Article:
It’s unclear whether the Bucks are still as motivated to move Vaughn. They slid under the luxury-tax line by stretching Spencer Hawes. One-time target Richard Jefferson already signed with the Nuggets. A roster vacancy and cap savings might not matter as much anymore to Milwaukee.
But Vaughn has struggled in two NBA seasons. The Bucks might be better off trying to develop someone else, even a D-League player, over the 21-year-old Vaugh.
Vaughn is due $1,889,040 this season. He faces a $2,901,565 team option for next season, which his team must decide on by Oct. 31. It seems unlikely that will be exercised.
This is what happens when you draft players for the wrong reason.
Richard Jefferson announced his retirement after the Cavaliers won the 2016 championship, changed his mind, re-signed with Cleveland then played another season there. He played big playoff minutes for the Cavs both years.
But they traded him to the Hawks (who waived him, allowing him to sign with the Nuggets) in a rather abrupt end to his Cleveland tenure.
His exit could have been far more strained.
Dave McMenamin of ESPN:
Then he was nearly traded the summer after the championship because he revealed what the Cavs’ rings looked like on his Snapchat account before the team was ready to release them to the public. Then-GM David Griffin was so ticked that he was ready to ship him out of town, sources told ESPN, before eventually calming down and accepting Jefferson’s apology.
Talk about some petty nonsense. And Griffin was known for soothing tension!
Thankfully for Jefferson – at least if he wanted to stay in Cleveland – he revealed the ring design in September. As a newly signed player, he couldn’t be traded until Dec. 15. That gave Griffin time to cool down.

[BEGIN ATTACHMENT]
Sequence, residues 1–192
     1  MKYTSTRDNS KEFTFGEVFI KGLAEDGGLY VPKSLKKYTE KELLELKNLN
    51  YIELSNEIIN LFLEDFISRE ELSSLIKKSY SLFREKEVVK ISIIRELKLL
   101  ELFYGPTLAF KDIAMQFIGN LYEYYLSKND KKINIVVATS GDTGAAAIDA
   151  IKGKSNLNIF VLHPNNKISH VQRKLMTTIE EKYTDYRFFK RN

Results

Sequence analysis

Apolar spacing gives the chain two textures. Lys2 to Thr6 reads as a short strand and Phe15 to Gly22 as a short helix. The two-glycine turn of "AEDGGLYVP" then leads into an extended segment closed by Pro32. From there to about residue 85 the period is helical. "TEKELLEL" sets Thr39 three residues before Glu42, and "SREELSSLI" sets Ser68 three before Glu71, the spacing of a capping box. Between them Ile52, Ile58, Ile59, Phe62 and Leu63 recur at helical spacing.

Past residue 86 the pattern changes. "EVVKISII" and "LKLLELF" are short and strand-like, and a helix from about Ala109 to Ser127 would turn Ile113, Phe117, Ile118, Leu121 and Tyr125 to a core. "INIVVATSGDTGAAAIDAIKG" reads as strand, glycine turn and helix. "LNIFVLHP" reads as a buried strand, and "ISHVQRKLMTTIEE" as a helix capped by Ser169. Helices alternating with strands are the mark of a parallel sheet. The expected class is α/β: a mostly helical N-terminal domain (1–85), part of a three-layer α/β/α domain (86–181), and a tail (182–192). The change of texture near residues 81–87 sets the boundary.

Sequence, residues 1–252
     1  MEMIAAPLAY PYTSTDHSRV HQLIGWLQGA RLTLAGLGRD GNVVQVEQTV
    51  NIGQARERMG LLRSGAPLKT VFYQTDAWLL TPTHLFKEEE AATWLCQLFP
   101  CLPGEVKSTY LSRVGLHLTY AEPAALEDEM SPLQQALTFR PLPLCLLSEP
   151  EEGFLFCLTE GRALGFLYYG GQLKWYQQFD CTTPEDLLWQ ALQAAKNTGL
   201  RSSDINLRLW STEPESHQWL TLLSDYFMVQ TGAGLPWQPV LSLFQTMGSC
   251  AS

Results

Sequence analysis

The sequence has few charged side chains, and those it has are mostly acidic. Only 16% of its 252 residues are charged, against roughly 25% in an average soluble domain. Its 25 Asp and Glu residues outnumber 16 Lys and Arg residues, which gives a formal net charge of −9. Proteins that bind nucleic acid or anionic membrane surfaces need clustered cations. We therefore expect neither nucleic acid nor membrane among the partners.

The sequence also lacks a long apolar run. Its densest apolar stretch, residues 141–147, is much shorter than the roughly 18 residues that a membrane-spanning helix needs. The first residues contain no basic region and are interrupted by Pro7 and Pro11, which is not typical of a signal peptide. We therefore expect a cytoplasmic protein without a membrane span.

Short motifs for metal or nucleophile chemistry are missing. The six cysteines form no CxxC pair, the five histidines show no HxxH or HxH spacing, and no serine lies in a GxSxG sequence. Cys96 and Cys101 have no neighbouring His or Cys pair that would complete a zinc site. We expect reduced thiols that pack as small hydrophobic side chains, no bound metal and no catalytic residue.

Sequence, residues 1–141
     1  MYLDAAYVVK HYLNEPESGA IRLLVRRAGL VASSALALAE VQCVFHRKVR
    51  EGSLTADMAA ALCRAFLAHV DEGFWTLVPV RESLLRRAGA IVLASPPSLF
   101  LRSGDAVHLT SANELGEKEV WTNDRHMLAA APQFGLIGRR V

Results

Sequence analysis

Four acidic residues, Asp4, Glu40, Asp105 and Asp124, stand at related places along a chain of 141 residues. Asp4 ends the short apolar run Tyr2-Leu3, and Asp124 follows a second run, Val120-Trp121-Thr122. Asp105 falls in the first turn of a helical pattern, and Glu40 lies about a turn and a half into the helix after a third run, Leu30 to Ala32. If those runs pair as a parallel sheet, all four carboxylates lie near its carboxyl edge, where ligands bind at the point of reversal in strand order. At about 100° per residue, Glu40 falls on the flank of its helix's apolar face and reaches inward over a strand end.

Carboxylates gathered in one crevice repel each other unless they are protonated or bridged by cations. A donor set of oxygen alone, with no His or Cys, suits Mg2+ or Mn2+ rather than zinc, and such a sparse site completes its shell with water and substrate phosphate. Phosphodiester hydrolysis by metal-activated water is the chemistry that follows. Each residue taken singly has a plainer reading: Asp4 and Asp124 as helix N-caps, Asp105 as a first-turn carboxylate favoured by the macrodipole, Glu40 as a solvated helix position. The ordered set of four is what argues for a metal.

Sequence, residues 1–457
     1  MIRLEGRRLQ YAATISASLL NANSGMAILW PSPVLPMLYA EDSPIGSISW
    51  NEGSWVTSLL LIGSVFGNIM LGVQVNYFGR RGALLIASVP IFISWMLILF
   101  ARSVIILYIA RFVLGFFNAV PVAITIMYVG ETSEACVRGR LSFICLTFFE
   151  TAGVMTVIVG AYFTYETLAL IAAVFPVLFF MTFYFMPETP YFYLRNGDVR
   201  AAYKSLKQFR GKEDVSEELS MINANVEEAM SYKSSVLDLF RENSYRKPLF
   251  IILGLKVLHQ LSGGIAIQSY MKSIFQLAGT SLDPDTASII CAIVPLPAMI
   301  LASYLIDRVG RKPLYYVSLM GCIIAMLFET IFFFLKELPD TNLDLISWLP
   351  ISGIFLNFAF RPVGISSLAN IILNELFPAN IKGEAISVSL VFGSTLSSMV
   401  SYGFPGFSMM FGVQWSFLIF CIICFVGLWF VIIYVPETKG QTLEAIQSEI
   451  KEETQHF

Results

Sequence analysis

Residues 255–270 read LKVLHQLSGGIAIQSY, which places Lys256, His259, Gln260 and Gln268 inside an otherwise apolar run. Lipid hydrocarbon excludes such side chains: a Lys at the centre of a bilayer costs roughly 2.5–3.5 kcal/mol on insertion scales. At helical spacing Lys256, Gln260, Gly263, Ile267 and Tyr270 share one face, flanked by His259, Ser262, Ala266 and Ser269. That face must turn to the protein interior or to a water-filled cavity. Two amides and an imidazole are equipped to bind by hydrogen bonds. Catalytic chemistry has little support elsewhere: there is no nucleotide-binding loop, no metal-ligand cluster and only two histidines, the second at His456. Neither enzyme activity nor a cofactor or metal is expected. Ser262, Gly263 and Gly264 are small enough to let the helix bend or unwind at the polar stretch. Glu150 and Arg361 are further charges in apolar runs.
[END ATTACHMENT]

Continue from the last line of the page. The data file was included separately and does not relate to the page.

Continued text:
Carmelo Anthony wanted to be traded to the Houston Rockets. Badly. (Whether that was good for Houston is a different discussion.) His time in New York was over by mutual consent, but now was time to move on, however, thanks to a no-trade clause Phil Jackson gave him, Anthony had leverage. And he wanted to be a Rocket with James Harden and Chris Paul.
It looked at one point like a deal would get done between New York and Houston, then it fell apart. So what happened?
Phil Jackson was booted, that’s what happened, Anthony told Marc Stein the New York Times.
The delay to find a workable trade, in Anthony’s view, stemmed from the fact that Jackson was willing “to trade me for a bag of chips,” while Scott Perry, who became the Knicks’ new general manager after Jackson’s departure, took a harder line in trade talks with Houston and Cleveland that eventually fizzled.
“They went from asking for peanuts to asking for steak,” Anthony said with a laugh.
‘Melo can laugh, he landed in a good spot with Oklahoma City. He’s on a potential contender.
As for his feelings on Jackson and leaving the organization? Still some hard feelings there.
“There was no support from the organization,” he said. “When you feel like you’re on your own and then on top of that you feel like you’re being pushed out …”